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Zanzabar is bigger, better and finally perfect

Jeffrey Lee Puckett , @JLeePuckett Published 3:32 p.m. ET April 11, 2017

The Zanzabar has been a nearly perfect bar from the day it opened eight years ago, with the ideal blend of food, cocktails, beer and bands. It has had one enviable problem: It's been a little too good.

Shows have often been too big for the room, selling out the small space far too quickly. And the atmosphere, a mix of top pub food and arcade games, has drawn crowds not interested in the shows, which created a problem with ticketed customers vs. pinball customers and still more crowding. Again, these are the kinds of problems venues want.
With a recent renovation, the Zanzabar may have finally achieved perfection.
A dedicated room for concerts has more than doubled capacity to nearly 400, and its separate entrance means an end to the conflict over who has paid to see a show and who hasn't. More importantly, it's a spectacular space with new handicapped-accessible bathrooms and a green room for bands.

The bar is celebrating throughout April, said Vectortone's Mark Evans, who books the room, and last Saturday's White Reaper show was the biggest celebration so far. It was sold out and yet you could still move, which has never happened, and the general mood was one of happy incredulity.
"We're in Zanzabar," bassist Sam Wilkerson kept repeating at one point as if trying to convince himself.
Jon Wettig, who owns the Zbar with his brother, Antz, stood in back and soaked it all up.
"We worked our butts off on it, and it feels good anytime someone says 'This is amazing' or 'I can't believe this is here.' It hasn't gotten old yet," he said.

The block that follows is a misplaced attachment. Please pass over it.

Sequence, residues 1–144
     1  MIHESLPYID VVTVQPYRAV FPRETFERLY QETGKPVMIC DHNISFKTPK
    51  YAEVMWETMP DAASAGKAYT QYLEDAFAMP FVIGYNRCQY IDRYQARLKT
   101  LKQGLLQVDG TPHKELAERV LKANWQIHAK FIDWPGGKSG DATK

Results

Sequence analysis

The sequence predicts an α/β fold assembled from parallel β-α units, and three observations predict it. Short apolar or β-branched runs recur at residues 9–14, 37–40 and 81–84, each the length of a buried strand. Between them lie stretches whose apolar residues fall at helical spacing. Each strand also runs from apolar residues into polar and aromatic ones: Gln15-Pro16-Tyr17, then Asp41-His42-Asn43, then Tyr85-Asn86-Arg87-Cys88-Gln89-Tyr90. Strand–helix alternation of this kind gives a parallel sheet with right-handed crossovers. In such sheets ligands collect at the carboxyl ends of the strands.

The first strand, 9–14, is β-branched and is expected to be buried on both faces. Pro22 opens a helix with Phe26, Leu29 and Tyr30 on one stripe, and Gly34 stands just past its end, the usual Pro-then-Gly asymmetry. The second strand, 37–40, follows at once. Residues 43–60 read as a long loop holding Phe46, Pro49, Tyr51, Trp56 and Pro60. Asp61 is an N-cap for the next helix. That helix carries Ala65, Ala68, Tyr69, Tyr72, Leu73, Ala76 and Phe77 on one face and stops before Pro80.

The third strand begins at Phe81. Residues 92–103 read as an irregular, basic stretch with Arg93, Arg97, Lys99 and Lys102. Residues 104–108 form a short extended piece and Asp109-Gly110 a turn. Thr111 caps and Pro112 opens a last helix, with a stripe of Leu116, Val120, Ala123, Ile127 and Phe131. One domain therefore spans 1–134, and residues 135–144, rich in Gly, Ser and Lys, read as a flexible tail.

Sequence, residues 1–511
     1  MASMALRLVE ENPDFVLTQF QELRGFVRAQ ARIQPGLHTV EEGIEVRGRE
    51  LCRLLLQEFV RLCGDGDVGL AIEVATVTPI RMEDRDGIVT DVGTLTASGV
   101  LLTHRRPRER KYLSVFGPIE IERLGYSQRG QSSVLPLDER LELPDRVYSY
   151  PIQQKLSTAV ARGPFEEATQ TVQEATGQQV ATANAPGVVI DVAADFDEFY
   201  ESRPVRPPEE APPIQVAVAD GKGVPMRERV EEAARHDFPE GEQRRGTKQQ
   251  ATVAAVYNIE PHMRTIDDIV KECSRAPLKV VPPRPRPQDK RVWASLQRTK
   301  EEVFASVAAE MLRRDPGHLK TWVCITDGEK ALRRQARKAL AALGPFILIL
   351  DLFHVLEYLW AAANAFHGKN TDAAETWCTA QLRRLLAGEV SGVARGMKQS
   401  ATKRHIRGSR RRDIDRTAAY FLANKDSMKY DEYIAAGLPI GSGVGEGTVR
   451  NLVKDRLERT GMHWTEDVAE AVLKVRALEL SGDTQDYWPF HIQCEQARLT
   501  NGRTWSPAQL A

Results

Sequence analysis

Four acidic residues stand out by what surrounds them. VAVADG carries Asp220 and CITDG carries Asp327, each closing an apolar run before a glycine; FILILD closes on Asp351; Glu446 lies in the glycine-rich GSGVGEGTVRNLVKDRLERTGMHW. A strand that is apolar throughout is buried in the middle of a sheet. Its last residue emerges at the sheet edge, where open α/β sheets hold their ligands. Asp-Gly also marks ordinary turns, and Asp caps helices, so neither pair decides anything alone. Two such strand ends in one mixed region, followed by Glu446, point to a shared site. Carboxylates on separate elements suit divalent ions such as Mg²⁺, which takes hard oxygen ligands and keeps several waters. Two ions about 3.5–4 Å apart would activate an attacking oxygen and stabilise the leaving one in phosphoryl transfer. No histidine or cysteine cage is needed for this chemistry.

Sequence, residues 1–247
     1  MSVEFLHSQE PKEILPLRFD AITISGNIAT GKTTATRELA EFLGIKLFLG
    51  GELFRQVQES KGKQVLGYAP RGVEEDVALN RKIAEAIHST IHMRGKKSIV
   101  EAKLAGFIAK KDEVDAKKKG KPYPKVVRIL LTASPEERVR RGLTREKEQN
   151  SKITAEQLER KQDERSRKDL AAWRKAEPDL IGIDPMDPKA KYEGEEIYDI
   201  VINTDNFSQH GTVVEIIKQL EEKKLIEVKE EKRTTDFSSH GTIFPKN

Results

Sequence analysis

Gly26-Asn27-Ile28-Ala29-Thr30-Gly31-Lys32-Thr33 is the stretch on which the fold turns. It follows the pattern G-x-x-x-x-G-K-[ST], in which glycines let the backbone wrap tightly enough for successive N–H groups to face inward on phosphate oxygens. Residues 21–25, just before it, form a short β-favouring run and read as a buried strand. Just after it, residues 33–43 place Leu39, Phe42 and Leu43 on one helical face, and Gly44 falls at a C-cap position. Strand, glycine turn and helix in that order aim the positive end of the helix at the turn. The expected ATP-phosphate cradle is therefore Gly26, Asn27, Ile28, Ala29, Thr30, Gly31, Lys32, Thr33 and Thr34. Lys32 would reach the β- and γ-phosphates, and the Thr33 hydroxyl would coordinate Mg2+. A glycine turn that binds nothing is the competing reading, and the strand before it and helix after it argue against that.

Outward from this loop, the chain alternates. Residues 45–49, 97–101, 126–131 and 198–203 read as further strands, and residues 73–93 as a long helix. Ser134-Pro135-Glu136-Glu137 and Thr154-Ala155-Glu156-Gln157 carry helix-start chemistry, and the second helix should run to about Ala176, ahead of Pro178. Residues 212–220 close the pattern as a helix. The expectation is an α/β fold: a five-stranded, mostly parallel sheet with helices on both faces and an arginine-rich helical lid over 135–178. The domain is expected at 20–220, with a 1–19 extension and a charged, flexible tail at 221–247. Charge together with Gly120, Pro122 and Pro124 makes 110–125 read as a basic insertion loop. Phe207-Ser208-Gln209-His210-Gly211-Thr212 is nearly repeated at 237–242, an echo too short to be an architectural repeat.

The new room is L-shaped with the stage at the bottom of the L, where an outdoor patio used to be. The stage is taller and wider and Garrett Crabtree Jr., of GlitterTitzDjz, has taken a new lighting rig to the next level with some seriously 1970s programming. A new sound system is in the capable hands of Joe Seidt, who first encouraged the Wettigs to expand two years ago.

The room now holds nearly as many people as does the main floor of Headliners Music Hall (minus its balcony, in other words), but with a lowish ceiling over much of the space it retains an intimate atmosphere.
"The space has adjusted to its reputation," Evans said.
The excitement around the new Zbar has been tempered by the recent death of Sandy Wettig, the Wettigs' mother and inspiration. The new concert hall is dominated by large photos of Sandy and their father, Tony, who saw the new room for the first time Saturday, and the brothers have often said that pleasing their parents has been their sole motivation.
"Is there any better thing in life?" Jon said. "We were pretty crazy kids, and they probably wouldn't have been surprised if we had opened a used tire store. Jon and Antz Used Tires and Bonsai Trees. That was plan B."


Reporter Jeffrey Lee Puckett can be reached at 502-582-4160 and jpuckett@courier-journal.com.